A Conception Bay boyhood: The power of poetry
According to the CBC, The Telegram (August 7, Pg. A23) and The Globe and Mail ( August 7, A9), the Second World War still matters. As long as it does, survivors, historians and writers will recall the Dunkirk evacuation of late May and early June, 1940. Seventy years ago this summer, nearly 336,000 British and French troops were extricated from the beaches of death and shame by Herculean efforts from the Royal Navy, the Royal Air Force and the 1,000 or so ìlittle boats of Britain.
That effort stunned and startled the world. The Miracle of Dunkirk, as it was called then and since, gave heart to the British and their dominions around the world, o f which Newfoundland and Labrador was then one. It stirred them to carry on the struggle against the Nazi leaders who had wrested control of the German people in 1933 and whose mechanized legions had sliced through France and Belgium in a remarkable combination of infantry, armor and air forces.
That was May, 1940, and the speed of the advance was such that the British Expeditionary Force was sent reeling back on the French port of Dunkirk where there seemed little chance of their safe return to England. But return they did through a popular surge of patriotism that made the world marvel as 1,000 oddly-matched volunteer craft carried out what the Navy could not do on its own. After Dunkirk came the Battle of Britain, when barely 2,000 Allied airmen handed Adolf Hitler his first defeat of the war and just maybe saved the world.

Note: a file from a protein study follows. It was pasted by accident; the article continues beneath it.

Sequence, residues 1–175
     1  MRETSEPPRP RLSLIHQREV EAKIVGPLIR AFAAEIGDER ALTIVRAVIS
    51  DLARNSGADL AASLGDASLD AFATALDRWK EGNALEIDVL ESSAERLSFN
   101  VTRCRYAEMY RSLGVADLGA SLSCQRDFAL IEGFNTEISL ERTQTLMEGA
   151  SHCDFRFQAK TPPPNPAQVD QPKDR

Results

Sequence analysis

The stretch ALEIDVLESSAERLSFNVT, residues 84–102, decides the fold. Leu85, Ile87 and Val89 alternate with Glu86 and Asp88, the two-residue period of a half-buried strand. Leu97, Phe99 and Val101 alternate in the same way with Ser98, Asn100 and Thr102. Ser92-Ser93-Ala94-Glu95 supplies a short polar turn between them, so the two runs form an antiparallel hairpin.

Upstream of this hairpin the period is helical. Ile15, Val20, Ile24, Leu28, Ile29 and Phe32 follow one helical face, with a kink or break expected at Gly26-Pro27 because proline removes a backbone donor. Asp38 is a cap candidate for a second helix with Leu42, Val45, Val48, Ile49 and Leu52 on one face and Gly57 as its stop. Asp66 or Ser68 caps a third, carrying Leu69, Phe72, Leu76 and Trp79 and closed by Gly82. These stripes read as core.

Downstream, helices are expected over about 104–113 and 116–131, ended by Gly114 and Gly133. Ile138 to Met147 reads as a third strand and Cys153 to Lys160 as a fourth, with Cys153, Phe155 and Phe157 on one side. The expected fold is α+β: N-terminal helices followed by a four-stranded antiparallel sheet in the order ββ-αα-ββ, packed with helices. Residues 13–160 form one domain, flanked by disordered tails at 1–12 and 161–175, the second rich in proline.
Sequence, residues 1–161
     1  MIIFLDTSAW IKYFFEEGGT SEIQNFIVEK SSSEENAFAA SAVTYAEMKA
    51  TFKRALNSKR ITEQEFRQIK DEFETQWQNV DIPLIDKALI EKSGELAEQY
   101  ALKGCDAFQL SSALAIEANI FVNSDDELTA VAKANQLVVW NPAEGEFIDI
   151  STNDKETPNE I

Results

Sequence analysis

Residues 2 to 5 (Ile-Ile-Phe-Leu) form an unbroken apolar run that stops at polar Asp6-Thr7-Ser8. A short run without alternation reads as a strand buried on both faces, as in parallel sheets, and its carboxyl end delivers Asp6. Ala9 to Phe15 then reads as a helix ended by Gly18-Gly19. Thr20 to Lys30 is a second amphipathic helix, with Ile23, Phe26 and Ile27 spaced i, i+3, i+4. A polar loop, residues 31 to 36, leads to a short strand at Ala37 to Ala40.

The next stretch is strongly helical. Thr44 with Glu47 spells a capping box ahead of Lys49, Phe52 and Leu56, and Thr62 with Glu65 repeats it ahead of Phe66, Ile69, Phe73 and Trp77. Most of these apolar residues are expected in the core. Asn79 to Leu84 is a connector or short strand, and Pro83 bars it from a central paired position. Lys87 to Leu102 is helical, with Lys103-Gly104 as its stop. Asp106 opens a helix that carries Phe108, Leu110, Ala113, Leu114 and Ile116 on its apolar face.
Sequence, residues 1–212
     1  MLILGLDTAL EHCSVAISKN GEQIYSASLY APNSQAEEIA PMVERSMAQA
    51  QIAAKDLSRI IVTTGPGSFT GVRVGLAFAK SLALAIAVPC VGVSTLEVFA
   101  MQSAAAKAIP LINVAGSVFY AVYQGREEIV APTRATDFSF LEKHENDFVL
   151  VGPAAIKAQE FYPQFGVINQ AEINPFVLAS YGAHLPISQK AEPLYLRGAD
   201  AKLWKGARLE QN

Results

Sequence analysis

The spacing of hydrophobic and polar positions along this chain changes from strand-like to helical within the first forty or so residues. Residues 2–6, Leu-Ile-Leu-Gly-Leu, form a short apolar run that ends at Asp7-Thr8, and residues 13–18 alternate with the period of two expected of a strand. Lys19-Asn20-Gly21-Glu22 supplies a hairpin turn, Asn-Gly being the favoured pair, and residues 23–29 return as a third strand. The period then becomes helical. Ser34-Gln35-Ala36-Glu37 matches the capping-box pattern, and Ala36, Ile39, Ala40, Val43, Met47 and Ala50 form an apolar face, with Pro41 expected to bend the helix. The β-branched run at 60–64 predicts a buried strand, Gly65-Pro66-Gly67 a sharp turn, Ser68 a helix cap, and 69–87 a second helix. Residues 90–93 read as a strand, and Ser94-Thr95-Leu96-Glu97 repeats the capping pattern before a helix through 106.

A Methodist Boyhood
Talk of the Miracle of Dunkirk was not lost on a University of Toronto professor of English who had been born in Western Bay in 1882. His name was Edwin John Pratt or E.J. Pratt in Canadian letters and he was destined to become Canada’s greatest narrative poet. Pratt was the son of a Methodist minister who would hold postings in Cupids (1885), Blackhead (1888), Brigus (1891) and Bay Roberts ( 1898). It is one of the contentions of MUN’s emeritus Donald G. Pitt in his magisterial first volume biography of Pratt, titled The Truant Years, 1882-1897, that the poet had carried in his head indelible images of his boyhood spent among Newfoundland outports. Pratt’s poetry included such staples as The Ice Floes, The Sea-Cathedral, Sea-Gulls, Newfoundland Seamen, and The Way of Cape Race, sympathetic depictions of an outdoor boyhood yet as hard as diamonds, verse testimonies clearly rooted in human and natural experiences that touched him deeply.
The desperate Miracle of Dunkirk, so dependent on the sea and the people who loved it, penetrated deeply into Pratt’s mind and spirit to stir one of his most neglected poem, called simply Dunkirk. Across these lines and stanzas it is not hard to discern the years the poet spent around the bays and harbours of his native island. It is a highlycompressed and often brilliant poem. It is the British Tommies trapped at Dunkirk who are Pratt’s main subject, but there are lines and phrases that leap out at anyone born in the Newfoundland and Labrador, phrases that seem appropriate to the tenth Province: